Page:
Sambamurthy, Bharadwaj, and Grover (2003) distinguish three interrelated capabilities of agility: operational agility, customer agility, and partnering agility. For each capability, they describe the role and impact of IT. This distinction is in line with types of strategic agility as defined by Weill, Subramani, and Broadbent (2002), who make a distinction between business initiatives aimed at increasing strategic agility based on their position on the value net: demand-side initiatives (customer agility), supply-side initiatives (partnering agility) and internally focused initiatives (operational agility).
Taking all of the above considerations into account, the definition of business agility in this study will be:
An agility framework
Building on the work by Sharifi and Zhang (1999) we constructed a framework to analyze business agility in detail (Figure 5.1).
Figure 5.1 Conceptual Framework
The starting point of our model is the contributing factors, which are external and internal changes that can create a need for business agility (based on Sharifi and Zhang, 1999). In this chapter, we focus on the analyses of change factors, where a required response of the organization is related, directly or indirectly, to the organization's IT capability.
An organization's business agility readiness is determined by its business agility capabilities. Business agility capabilities are the means or barriers for a business to enhance its business agility. Business agility capabilities can be categorized based on the work of Sambamurthy, Bharadwaj, and Grover (2003) and Weill, Subramani, and Broadbent (2002). The business agility capabilities are the reasons behind the existence or nonexistence of agility gaps. If there is a mismatch between the businesses agility need and the business agility readiness, there is a business agility gap. This has implications for the business agility IT strategy.
In this chapter, we will report on the perceived business agility need (BAN) and the perceived business agility readiness (BAR) for external and internal change factors that are directly or indirectly related to the organization's IT. We will also discuss implications for business agility IT strategies to close the business agility gap (BAG).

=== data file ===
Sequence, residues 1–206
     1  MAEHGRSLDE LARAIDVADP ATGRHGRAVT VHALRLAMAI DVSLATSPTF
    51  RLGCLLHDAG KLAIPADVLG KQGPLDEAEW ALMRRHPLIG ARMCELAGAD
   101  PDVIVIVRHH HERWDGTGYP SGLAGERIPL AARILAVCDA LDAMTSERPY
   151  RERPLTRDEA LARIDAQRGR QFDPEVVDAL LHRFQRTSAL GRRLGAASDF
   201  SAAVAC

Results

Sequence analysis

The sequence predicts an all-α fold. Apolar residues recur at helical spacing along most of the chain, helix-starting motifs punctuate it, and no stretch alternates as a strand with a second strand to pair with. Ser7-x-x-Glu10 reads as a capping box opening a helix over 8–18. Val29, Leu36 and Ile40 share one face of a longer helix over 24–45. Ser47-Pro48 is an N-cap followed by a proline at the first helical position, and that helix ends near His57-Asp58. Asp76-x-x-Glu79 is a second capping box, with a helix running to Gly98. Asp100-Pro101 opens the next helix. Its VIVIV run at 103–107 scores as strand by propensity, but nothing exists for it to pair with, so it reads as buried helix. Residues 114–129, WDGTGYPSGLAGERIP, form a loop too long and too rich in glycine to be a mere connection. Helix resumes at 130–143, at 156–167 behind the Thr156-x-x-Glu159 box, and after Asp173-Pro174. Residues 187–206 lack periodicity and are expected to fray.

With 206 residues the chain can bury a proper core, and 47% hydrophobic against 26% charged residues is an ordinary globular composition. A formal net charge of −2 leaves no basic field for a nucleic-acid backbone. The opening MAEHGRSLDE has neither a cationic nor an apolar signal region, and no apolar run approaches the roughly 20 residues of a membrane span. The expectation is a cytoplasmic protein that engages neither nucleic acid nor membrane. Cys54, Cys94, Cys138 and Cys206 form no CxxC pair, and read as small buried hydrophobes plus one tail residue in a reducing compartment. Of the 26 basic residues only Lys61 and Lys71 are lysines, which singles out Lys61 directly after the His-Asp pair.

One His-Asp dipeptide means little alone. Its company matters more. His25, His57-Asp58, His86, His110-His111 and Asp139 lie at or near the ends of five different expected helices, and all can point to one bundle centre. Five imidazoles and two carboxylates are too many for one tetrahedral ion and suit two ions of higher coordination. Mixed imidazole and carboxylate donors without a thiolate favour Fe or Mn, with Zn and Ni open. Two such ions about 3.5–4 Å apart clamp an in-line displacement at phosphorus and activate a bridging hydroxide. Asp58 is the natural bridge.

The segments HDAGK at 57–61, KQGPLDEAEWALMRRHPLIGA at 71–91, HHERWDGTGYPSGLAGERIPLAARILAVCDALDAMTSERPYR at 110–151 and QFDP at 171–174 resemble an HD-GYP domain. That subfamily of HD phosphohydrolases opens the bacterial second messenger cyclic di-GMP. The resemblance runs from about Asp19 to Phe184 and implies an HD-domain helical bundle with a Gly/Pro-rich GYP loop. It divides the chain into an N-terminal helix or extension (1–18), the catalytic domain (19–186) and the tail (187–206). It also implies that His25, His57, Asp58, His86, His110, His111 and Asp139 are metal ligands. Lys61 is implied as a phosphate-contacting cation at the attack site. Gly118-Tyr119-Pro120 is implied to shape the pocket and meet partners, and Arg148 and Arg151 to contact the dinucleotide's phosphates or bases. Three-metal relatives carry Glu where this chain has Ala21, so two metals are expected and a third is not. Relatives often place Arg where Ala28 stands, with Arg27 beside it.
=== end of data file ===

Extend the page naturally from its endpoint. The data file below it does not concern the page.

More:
Based on the literature review, we constructed a questionnaire. We used feedback from experts and two workshops to test and improve the questionnaire. We chose to use multiple methods for data gathering in order to provide a rich description on the topic. We gathered quantitative data via an online questionnaire (110 respondents).
This was complemented with in-depth qualitative data, gathered via interviews with 50 managers and workshop discussions. The results were validated by interviews with 14 sector experts.
Based on literature research and workshops with experts, we constructed a questionnaire containing 27 change factors, covering the three agility capabilities of our framework: factors requiring operational agility, factors requiring customer agility, and factors requiring business network and partnering agility. An overview of these change factors can be found in Table 5.1.2
Each change factor in the survey had to be scored on a Likert-5 scale. If the perceived BAN due to a certain change factor was high (score 4 or 5), a second question was posed regarding the perceived BAR (also on a Likert-5 scale). The BAG was measured as BAN minus BAR. In the next part of the questionnaire for the 10 change factors with the highest BAG score of the respondent, open questions were generated. For each BAG, the respondent was asked to elaborate on the bottleneck(s) and measures in the required business agility capabilities to deal with the BAG. This way, the questionnaire generated both quantitative as well as qualitative data on agility capabilities as enablers or disablers. We did a cross-check on possible survey fatigue which might bias our results. We found no difference in the variance of answers between the first half of the survey with the second half. Furthermore, we checked the number of responses to individual items in the second half of the questionnaire and compared it with the first half.